the cross of a saint - Printable Version
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the cross of a saint - kirk yacoub - 06-06-2007
On Tuesday 5th June the Syriac Orthodox Church celebrated the dukhrono
(commemorative feast) of St Jacob of Edessa (d708).
Born in a village in the province of Antioch, St Jacob became a monk as a young man, eventually being ordained a priest and, in 684, he was enthroned as Metropolitan of Edessa, in those days a splendid city, but today a backwater in south east Turkey called Urfa.
St Jacob placed his formidable intellect at the service of the Church and he is considered one of the greatest minds in Orthodoxy. Among other things he wrote the first systematic treatise on Syriac grammar, devising
a system of vowel signs for that language, revised the translation of the Old Testament, supplying extensive marginal notes and glosses, spent eleven years writing commentaries on the Greek versions of Holy Scripture, energetically promoted the study of Greek, thus becoming an important like in the chain of transmission that spread Greek learning among the Arabs, translated many works into Syriac, wrote and enforced strict rules for monks, and revised the Anaphora of St James.
However, St Jacob, like all of us, had a heavy cross to bear, namely an inflexible rectitude and a fiery temper, which made it impossible for him to be effective as a Church administrator. Not for him the quiet word in private, nor the judicious turning of a blind eye. On the contrary, he once publicly burnt a book of canon law because so many of the clergy infringed
Quite how St Jacob dealt with his cross is not recounted, but that his prodigious intellectual gifts should be offset by a very imperfectly formed temperament seems to have been God's way of forcing him to struggle with himself and counteract pride. certainly the fruit of St Jacob's labours show us that his tree was blessed by grace.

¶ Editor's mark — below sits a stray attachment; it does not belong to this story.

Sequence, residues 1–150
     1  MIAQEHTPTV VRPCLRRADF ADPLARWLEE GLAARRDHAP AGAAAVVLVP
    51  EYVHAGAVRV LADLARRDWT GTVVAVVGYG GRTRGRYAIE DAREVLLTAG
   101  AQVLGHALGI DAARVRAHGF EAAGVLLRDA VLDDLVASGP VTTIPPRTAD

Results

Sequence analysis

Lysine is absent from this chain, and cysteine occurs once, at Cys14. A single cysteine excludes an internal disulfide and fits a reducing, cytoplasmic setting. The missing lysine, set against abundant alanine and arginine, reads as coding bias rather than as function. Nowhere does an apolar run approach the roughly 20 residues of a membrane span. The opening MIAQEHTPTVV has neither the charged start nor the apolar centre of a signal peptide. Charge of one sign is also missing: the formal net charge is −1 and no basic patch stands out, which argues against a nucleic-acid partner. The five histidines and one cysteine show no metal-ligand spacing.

It would be interesting to know about other saints and their struggles with the negative sides of their nature, because this would give us a helping hand with our own inner fight.
Saints - John Charmley - 10-06-2007
Thank you for this - and for raising an interesting point. When I was young, at Sunday School we were introduced to the Saints, who were, uniformly, painted as patterns of human beings who were already close to being perfect; I can remember being quite deterred, thinking that if I lived to be very old (oh, about 25!) and prayed a lot, I would never be that good. It quite cheered me up when I came across St. Augustine's confessions and found that I was not the only one whose behaviour had grieved the Lord I claimed to love and serve.
St. Cyril of Alexandria is often portrayed in much of the literature about him as a short-tempered, rather autocratic chap, much given to argumentation and polemic; but on closer examination one sees that what fired his argument with Nestorius was feat for the immortal souls of those who were put into peril by the false teachings of the patriarch of Constantinople. Zeal in the service of the Lord indeed.